New Robocop to Resume Original's Satire

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Hey, kids! Here comes another franchise reboot no one wanted. Robocop returns in 2014 taking new form played by The Killing’s Joel Kinnaman.

The new take looks to resume the original’s political satire by leveraging concern over domestic spying and the use of drone technology by law enforcement. In retrospect, the original film deserves a lot of credit for anticipating the modern convergence of military technology and domestic law enforcement. The Verge reports:

“We are more and more in a country where Robocop is relevant. You will see robots in wars,” said Jose Padilha, the film’s director. “The first film saw it way back then. Now we have more knowledge and we know it’s coming true. First we are going to use machines abroad, then we are going to use machines at home.”

Despite retaining many of the themes established in the 1987 film, the reboot will depart from the original on many key plot points. IGN shares the details:

In this RoboCop, police officer Alex Murphy (Kinnaman) isn’t killed by a ruthless outlaw and his henchmen, In fact, he’s not killed at all. He’s gravely injured by a car bomb that leaves him massively burned all over his body. In order to “save ” him — and give OmniCorp their cyborg lawman they’ve been desiring — Omni scientist Dr. Norton (Gary Oldman) essentially amputates Alex’s body from the neck down and rebuilds him as, yes, RoboCop. (They keep Alex’s right hand as a humanizing element for when RoboCop shakes hands with people.)

There were several scenes with OmniCorp CEO Raymond Sellars (Keaton), a believer in his products and what they can do for the world who makes his decisions not so much out of being a villain as because he’s decided it’s simply the best option available for his business and what he thinks it can provide. Keaton described Sellars as an antagonist rather than as a villain.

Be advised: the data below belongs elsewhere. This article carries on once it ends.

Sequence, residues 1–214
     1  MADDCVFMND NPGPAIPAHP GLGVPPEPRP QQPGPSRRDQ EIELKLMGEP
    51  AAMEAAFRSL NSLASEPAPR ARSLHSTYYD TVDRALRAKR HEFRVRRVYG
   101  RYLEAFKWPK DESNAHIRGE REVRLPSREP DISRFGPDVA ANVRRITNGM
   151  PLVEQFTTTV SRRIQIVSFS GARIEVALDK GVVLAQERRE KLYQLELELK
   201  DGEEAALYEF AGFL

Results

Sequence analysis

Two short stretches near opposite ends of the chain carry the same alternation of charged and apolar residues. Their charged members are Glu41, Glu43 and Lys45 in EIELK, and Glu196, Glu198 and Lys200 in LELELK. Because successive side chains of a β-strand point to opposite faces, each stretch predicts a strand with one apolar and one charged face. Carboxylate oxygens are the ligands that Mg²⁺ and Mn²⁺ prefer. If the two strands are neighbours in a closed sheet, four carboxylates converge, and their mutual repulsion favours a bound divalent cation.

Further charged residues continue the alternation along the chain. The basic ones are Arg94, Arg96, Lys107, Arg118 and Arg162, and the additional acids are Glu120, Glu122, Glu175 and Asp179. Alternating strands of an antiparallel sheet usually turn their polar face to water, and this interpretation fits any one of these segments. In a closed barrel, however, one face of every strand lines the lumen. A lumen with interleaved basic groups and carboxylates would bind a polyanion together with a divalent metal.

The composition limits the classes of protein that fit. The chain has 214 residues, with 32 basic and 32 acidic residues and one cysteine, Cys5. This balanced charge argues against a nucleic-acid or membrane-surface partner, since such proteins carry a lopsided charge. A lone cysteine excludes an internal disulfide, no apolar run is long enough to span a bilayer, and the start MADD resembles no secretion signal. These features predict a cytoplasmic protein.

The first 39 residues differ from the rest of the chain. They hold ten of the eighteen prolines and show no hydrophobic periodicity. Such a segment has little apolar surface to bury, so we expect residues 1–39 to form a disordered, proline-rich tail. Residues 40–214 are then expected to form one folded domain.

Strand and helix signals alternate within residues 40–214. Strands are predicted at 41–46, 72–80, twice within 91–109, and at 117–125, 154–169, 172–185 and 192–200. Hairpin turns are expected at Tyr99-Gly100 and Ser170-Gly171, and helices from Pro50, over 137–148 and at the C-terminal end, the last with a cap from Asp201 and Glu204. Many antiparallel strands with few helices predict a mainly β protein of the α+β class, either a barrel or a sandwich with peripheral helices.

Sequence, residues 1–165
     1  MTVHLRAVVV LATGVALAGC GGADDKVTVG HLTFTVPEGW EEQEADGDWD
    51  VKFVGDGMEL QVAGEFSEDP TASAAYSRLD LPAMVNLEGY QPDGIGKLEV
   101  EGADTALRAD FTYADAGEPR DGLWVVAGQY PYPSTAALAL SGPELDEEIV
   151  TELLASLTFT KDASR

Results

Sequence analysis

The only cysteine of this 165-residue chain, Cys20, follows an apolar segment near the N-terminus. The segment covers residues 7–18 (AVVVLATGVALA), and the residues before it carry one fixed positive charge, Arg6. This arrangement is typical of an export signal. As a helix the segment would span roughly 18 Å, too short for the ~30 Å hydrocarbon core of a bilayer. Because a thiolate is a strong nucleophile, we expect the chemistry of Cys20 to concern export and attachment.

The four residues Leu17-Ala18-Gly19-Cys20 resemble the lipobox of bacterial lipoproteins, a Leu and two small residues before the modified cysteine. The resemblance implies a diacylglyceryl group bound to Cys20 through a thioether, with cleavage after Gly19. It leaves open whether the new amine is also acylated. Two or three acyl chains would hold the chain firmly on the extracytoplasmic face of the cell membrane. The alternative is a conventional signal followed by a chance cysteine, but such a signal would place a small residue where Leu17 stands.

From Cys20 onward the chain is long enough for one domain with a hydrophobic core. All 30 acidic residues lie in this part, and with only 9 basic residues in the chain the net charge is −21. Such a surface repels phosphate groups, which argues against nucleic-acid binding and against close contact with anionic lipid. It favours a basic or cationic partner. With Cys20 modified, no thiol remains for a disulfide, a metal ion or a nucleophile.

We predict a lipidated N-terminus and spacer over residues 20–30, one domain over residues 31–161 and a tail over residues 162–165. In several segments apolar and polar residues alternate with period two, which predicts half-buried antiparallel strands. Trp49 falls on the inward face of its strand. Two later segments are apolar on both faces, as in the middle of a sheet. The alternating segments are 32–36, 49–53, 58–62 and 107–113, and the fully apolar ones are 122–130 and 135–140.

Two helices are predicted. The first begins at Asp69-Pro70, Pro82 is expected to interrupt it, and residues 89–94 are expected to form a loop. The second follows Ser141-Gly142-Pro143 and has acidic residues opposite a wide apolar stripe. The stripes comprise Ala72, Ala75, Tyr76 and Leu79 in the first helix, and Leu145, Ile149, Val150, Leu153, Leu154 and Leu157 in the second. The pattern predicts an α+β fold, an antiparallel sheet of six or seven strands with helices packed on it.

Readers may recall that Omni Consumer Products senior president Dick Jones, played with relish by the irrepressible Ronnie Cox, was the ultimate villain in the original. As he and director Paul Verhoeven also did in Total Recall, Cox created one of the greatest caricatures of corporate villainy put to film.


“Dead or alive, you’re coming with me.”

The irony of Verhoeven’s satire was that it missed its intended target. Rather than indict corporations as villainous, the original Robocop actually portrayed a condition of anarchy where thuggery rushed in to fill the void.

Viewers may be misled into regarding the dominance of Omni Consumer Products as a depiction of Benito Mussolini’s fascism, which the Italian dictator alternatively called corporatism. However, fascism manifests as an all-powerful state which becomes the standard of value within a society, surpassing the individual and human life in priority and importance. Under fascism, Omni Consumer Products might exist, but would retain no meaningful control over its own affairs. It, along with everything and everyone else, would be subordinate to the state.

The original Robocop presents something else altogether. It depicts a Detroit run by a corporation. Omni Consumer Products fulfills the function of law enforcement among other tasks not properly delegated to private entities.

Within the world of Robocop anarchy has manifest. No proper government, protecting individual rights through the enforcement of contract and retaliation against any initiation of force, exists in Robocop’s Detroit. Instead, Omni Consumer Products reigns as the dominant gang enforcing its will upon the populace. The film demonstrates this whenever someone dies at the hands of the corporation without any legal repercussion.

In the end, Peter Weller’s Robocop overcomes his programed limitation and succeeds in enforcing the law against Cox’s lawless OCP president. Whether intended by the filmmakers or not, Robocop stands as an ode to objective justice under proper government.